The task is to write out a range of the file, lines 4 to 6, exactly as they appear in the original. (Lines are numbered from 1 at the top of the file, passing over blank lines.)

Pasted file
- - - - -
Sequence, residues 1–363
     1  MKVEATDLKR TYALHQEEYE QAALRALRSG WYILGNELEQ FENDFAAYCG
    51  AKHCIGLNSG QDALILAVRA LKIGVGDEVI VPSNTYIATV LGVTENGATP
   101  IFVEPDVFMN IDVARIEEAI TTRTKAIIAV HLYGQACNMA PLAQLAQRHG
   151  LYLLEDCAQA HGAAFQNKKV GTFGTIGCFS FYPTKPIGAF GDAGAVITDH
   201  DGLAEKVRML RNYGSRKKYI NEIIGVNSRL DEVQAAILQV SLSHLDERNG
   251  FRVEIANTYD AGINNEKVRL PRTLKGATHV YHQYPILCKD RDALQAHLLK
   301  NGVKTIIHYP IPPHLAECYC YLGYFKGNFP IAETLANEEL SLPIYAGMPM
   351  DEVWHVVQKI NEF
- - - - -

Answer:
   101  IFVEPDVFMN IDVARIEEAI TTRTKAIIAV HLYGQACNMA PLAQLAQRHG
   151  LYLLEDCAQA HGAAFQNKKV GTFGTIGCFS FYPTKPIGAF GDAGAVITDH
   201  DGLAEKVRML RNYGSRKKYI NEIIGVNSRL DEVQAAILQV SLSHLDERNG